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Impaired antioxidant defenses are implicated in neurodegenerative disease. The plasma levels of urate, a water-soluble antioxidant, are reduced in Alzheimer's disease (AD).
We aimed to test the hypotheses that high plasma urate at baseline is associated with: (1) a reduced rate of conversion from mild cognitive impairment (MCI) to AD and (2) a lower rate of cognitive decline in MCI.
Plasma urate was obtained at baseline from 747 participants in a 3-year, randomized, double-blind, placebo-controlled study of donepezil, vitamin E or placebo for delaying the progression of MCI to AD. The association between baseline urate and conversion from MCI to AD was examined by Cox proportional hazards regression. The relationship between baseline urate and cognitive change on the cognitive subscale of the Alzheimer's Disease Assessment Scale was evaluated by longitudinal analysis.
Baseline plasma urate was not associated with the rate of conversion of MCI to AD. In the placebo arm, high plasma urate was related to a slower rate of cognitive decline over 3 years, although this was not reproduced in the other treatment arms.
While plasma urate levels did not predict the progression of MCI to AD, high urate may be associated with a reduced rate of cognitive decline in MCI patients not treated with donepezil or vitamin E. The results support the investigation of biomarkers of antioxidant status as risk factors for cognitive decline in MCI.
The incidence and prevalence of dementia increase markedly with aging. In East Boston, the prevalence of Alzheimer disease (AD) was 3% in 65- to 74-year-olds, 19% in 75- to 84-year-olds and 47% in those over the age of 85 . AD and other forms of dementia are preceded by mild cognitive impairment (MCI), a clinical syndrome of deficient recent memory with minimal limitation of activities of daily living . Treatments to improve cognition or delay progression in dementia and MCI such as cholinesterase inhibitors and vitamin E are only modestly effective . The identification and treatment of modifiable risk factors for cognitive decline can reduce the burden of MCI and dementia to patients, families and society.
Oxidative stress and impaired antioxidant defenses may contribute to nerve injury in neurodegenerative disease, and markers of oxidative stress are elevated in AD and MCI [4, 5]. Urate is a water-soluble antioxidant molecule found to be reduced in plasma in AD [6,7,8]. High urate was associated with a reduced risk of incident Parkinson's disease (PD) in the Health Professionals Follow-Up Study , Honolulu Heart Program  and Rotterdam Study . High urate in men was also related to a lower rate of PD progression in the PRECEPT clinical trial (Parkinson Research Examination of CEP1348 Trial) conducted by the Parkinson Study Group .
The Mild Cognitive Impairment Study was a 3-year, randomized, double-blind, placebo-controlled investigation of donepezil, vitamin E or placebo in delaying the progression of MCI to AD . The standardized diagnostic criteria, recruitment and the long period of careful follow-up allowed assessment of the potential long-term cognitive consequences of elevated urate with detailed information about potential confounders. We tested the hypotheses that high plasma urate at baseline is associated with: (1) a reduced risk of progression of MCI to AD and (2) a lower rate of cognitive decline in MCI.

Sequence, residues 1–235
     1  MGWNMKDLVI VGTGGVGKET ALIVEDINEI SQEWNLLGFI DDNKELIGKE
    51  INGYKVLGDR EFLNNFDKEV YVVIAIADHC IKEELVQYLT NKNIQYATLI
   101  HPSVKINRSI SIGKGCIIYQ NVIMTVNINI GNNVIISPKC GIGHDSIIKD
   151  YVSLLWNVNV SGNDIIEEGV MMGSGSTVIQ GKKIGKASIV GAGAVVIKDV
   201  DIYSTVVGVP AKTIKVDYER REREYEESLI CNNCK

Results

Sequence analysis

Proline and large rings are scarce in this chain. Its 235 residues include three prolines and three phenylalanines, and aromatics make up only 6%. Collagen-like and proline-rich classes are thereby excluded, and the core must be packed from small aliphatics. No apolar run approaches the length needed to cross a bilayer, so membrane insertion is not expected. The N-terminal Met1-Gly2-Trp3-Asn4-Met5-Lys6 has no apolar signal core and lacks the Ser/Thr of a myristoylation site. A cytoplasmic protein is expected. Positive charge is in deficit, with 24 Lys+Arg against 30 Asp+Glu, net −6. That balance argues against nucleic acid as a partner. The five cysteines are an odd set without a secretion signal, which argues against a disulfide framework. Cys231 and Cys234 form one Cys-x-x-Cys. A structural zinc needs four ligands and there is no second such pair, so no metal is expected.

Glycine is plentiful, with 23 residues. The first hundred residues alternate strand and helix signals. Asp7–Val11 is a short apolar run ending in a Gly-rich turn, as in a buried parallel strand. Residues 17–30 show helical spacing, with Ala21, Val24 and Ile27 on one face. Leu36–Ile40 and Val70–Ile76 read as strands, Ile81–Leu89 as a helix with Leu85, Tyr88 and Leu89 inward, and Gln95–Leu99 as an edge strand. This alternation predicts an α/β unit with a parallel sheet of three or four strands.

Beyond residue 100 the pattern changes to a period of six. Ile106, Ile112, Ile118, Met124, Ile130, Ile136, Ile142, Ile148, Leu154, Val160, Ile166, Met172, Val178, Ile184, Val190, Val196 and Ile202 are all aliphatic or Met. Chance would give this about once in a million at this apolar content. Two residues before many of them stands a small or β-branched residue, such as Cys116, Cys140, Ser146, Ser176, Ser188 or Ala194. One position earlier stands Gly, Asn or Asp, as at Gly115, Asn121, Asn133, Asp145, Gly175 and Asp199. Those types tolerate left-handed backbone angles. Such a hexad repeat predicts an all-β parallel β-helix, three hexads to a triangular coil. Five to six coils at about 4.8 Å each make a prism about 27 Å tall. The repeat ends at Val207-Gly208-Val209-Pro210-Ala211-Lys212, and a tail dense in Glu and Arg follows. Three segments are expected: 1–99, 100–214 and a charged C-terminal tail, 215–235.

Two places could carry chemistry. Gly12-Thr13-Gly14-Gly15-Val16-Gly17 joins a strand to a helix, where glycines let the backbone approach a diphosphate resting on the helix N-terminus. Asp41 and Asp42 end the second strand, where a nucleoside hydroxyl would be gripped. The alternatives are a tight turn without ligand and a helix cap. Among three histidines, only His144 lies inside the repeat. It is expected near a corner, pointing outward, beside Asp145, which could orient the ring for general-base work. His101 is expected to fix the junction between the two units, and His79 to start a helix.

The Mild Cognitive Impairment Study has been reported in detail . Briefly, 769 subjects with MCI were enrolled from 69 Alzheimer Disease Cooperative Study sites in the USA and Canada. Potential subjects had screening visits from February, 1999, to December, 2000. Patients were randomized to multivitamin with placebo, vitamin E 2,000 IU p.o. q.d. or donepezil 5–10 mg p.o. q.d. The study was conducted over 3 years with clinical evaluations every 3 months for the first 6 months and then every 6 months up to 3 years or until conversion to AD. Subjects who converted during the 36-month trial stopped using the study medication and were given the option of taking open-label donepezil.
The exposure measure was plasma urate levels from the baseline labs (SmithKline Beecham Clinical Laboratories). Of the enrolled participants, 22 did not have urate levels at baseline and were excluded from the analysis, reducing the sample size to 747. Urate was modeled as a continuous variable, as quintiles and as gender-specific quintiles in the analyses.
For the survival analysis, the outcome was the time to conversion to AD. For the analysis of cognitive change, it was the cognitive subscale of the Alzheimer's Disease Assessment Scale (ADAS-cog)  performed at each study visit. The ADAS-cog evaluates domains of memory, orientation, language and praxis and is scored from 0 to 70 mistakes.
Potential confounders were selected based on literature association with either urate levels or AD risk: age, sex, body mass index, presence of the apolipoprotein E 4 allele, current smoking, history of alcohol use, history of cardiovascular disease, hypertension, and use of nonsteroidal anti-inflammatory drugs and thiazide diuretics.
The analysis was exploratory, first in the entire study cohort, followed by stratification by sex (to determine if there was a subgroup effect as in PD), and then in the placebo group only (to control for informative dropouts that occurred in the donepezil arm and in case there was effect modification by treatment).
Cox proportional hazards regression assessed the effect of baseline urate levels on the time to progression to AD adjusted for the potential confounders. Individuals were censored at dropout, death or the end of the study.